Privacy Shield: A strong framework for transatlantic digital trade

DISCLAIMER: All opinions in this column reflect the views of the author(s), not of EURACTIV Media network.

Věra Jourová, the EU Commissioner for justice, will start the first annual review of the EU-US Privacy Shield agreement on Monday (18 September) in Washington. [European Union]

The Privacy Shield agreement has already improved data protection and digital trade between the EU and the US in its first year, and that should continue, writes Victoria A. Espinel.

Victoria A. Espinel is president and chief executive of BSA | The Software Alliance.

The EU-US Privacy Shield achieves the right balance between data protection and the need for uninterrupted data flows. In its first year, it has already improved protections for the personal data of EU citizens, and provides a foundation for the growth of innovative services on which our economies and job growth greatly rely.

As the Privacy Shield’s first annual review starts Monday (18 September), we should not underestimate the progress that has already been made to strengthen it.

The global economy is more interconnected than ever before. The amount of data being shared around the world has grown 45 times larger since 2005. And we expect an even sharper increase over the next decade, according to a McKinsey report.

Data flows transmit valuable information and underpin the movement of not only services and finance, but also goods and people. Almost every type of transaction today has both a digital and international component and therefore relies on the unhindered and uninterrupted flow of data.

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European privacy watchdogs have received “a few” complaints about the privacy shield data transfer agreement with the United States since it was brokered one year ago, the EU’s top privacy advocate said in an interview.

This includes personal data, which always carries a higher level of protections to safeguard privacy. Protecting privacy and allowing data flows are not mutually exclusive – in fact, they are both essential as the EU seeks to reap the benefits of the global data economy.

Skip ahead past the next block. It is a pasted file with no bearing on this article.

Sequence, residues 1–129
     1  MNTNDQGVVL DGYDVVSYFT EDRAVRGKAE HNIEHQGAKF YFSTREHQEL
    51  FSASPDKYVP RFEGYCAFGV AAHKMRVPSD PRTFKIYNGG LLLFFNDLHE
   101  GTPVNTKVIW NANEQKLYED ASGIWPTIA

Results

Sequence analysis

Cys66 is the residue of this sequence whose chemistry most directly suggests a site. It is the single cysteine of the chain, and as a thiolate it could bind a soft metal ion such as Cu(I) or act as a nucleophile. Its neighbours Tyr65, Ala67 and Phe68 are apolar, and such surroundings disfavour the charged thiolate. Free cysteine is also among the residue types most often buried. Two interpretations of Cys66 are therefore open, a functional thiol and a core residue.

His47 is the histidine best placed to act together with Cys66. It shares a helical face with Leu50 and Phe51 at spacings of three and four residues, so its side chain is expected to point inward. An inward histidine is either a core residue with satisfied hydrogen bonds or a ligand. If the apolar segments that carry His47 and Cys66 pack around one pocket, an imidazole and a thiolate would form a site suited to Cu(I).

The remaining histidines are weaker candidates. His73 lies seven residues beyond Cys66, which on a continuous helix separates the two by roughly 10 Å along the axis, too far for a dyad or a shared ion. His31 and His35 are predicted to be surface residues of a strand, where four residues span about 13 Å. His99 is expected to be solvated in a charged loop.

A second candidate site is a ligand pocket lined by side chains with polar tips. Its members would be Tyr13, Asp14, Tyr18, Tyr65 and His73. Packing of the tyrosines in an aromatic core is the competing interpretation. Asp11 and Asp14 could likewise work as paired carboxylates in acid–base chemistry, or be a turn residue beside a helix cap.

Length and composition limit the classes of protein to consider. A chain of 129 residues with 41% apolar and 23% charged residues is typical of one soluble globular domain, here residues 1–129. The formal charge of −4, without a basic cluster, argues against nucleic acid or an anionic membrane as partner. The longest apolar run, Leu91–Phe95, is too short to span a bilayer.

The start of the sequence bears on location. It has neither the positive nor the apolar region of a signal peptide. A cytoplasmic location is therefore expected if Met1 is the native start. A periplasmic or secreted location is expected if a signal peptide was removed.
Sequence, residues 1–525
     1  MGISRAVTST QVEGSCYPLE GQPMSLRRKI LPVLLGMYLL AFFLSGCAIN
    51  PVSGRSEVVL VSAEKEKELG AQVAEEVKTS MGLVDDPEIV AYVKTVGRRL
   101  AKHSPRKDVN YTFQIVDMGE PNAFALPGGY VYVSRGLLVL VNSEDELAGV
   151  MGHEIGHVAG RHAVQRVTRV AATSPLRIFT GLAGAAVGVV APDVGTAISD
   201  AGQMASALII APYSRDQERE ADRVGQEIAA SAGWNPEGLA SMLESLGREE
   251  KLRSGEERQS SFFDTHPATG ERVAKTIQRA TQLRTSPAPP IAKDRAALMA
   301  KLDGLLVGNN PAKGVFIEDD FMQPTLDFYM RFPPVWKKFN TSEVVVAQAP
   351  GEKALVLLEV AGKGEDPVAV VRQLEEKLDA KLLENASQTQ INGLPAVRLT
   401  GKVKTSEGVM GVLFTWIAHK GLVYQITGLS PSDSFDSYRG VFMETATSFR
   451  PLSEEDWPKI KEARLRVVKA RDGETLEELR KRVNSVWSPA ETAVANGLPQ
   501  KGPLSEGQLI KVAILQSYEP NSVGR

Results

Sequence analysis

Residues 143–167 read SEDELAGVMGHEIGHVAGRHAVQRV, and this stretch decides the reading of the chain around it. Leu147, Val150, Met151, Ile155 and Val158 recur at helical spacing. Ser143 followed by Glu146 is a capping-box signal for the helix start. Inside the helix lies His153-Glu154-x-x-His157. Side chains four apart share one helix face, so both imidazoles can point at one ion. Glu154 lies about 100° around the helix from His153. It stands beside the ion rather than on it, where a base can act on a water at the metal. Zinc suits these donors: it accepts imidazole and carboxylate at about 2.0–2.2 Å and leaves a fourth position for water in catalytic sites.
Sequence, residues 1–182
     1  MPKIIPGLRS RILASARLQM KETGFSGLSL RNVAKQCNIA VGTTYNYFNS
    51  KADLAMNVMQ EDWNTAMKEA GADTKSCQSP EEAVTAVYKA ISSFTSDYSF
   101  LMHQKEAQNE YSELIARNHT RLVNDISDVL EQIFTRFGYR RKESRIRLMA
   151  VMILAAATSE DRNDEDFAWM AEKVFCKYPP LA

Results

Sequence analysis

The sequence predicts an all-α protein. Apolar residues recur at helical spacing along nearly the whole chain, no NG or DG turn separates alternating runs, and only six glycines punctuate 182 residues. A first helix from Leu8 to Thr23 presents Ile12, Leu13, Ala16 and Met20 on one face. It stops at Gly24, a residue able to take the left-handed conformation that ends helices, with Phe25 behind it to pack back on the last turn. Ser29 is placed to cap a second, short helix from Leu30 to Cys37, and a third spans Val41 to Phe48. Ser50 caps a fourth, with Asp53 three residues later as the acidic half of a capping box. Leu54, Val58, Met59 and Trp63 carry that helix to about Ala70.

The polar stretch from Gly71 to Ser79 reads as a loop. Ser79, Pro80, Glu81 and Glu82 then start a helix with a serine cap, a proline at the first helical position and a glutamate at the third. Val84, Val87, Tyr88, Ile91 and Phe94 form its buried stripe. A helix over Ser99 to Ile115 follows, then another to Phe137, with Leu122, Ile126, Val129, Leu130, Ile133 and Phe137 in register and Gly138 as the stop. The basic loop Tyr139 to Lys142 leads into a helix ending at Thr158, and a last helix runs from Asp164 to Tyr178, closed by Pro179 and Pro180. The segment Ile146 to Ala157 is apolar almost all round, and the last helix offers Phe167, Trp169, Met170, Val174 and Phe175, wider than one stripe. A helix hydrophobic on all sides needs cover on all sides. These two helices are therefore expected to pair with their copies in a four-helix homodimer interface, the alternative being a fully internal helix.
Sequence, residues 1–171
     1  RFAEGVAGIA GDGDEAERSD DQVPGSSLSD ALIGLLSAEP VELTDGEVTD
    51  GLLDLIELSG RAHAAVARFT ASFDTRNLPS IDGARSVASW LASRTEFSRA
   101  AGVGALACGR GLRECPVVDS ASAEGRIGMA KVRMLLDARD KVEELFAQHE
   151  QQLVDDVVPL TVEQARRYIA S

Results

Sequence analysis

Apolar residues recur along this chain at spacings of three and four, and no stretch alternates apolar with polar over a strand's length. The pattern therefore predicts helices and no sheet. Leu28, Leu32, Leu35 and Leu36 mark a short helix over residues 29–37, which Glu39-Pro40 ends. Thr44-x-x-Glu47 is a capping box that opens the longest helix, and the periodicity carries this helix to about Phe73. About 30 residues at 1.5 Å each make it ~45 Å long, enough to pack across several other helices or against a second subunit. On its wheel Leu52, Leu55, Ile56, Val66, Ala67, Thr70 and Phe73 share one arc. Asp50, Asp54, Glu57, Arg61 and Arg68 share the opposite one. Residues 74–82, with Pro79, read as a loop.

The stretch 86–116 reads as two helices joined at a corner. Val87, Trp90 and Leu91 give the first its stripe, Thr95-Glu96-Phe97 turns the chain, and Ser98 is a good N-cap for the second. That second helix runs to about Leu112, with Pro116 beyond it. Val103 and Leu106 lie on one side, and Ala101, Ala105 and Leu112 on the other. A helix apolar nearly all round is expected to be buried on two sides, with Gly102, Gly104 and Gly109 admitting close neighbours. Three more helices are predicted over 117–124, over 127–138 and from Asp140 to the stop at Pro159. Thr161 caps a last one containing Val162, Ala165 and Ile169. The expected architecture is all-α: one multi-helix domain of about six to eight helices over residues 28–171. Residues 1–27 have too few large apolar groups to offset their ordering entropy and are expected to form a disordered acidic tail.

The Privacy Shield framework successfully balances the two priorities. The agreement improves privacy protections and ensures that data can continue to flow across the Atlantic, supporting the EU-US trillion-euro trade relationship, by far the largest in the world.

It is important to understand how the Privacy Shield improves upon the protections of its predecessor, the “Safe Harbor” Framework. The new framework is the result of intense and constructive negotiations between the European Commission and the US government that ended in summer 2016.

Compared to Safe Harbor, Privacy Shield provides significant enhancements and considerably stronger data protection obligations for companies transferring EU citizens’ data to the United States.

Take commercial practices, for example. The Privacy Shield imposes stricter onward transfer requirements for third-party processing of EU data, and stronger monitoring and enforcement by US authorities. It also gives EU citizens several additional redress possibilities if they think their data has been misused, including the ability to lodge a complaint with the company or their local data protection authority.

Software companies are at the forefront of the digital transformation and are responsible stewards of the data that individual customers and companies across all industries entrust to them. Customer trust is key, and in order to retain it, software companies have placed privacy at the very core of their services.

There are 2,400 companies certified to the Privacy Shield, and they have invested considerable efforts and resources to revise their privacy policies and procedures to correspond to the agreement’s tougher privacy requirements.

These companies have changed internal compliance programs and oversight mechanisms, appointed privacy officers, and amended contracts with third parties that process EU-origin personal data, to name a few. Moreover, companies are taking substantial actions to comply with the EU’s new privacy regime, the General Data Protection Regulation, which will enter into force next year.

These changes complement the US government’s commitments under the agreement, including the establishment of an ombudsperson within the Department of State who will handle EU citizens’ complaints relating to surveillance activities.

The Privacy Shield’s more robust framework provides businesses with the legal certainty they need to continue operating and innovating, a fact reflected in its rapid adoption by companies both large and small, US and European.

Privacy Shield has already attracted a huge amount of companies in its first year: more than half the number of companies that previously certified during the Safe Harbor’s 15 years of operation. Legal certainty is not only important to Privacy Shield-certified companies, but also to their customers.

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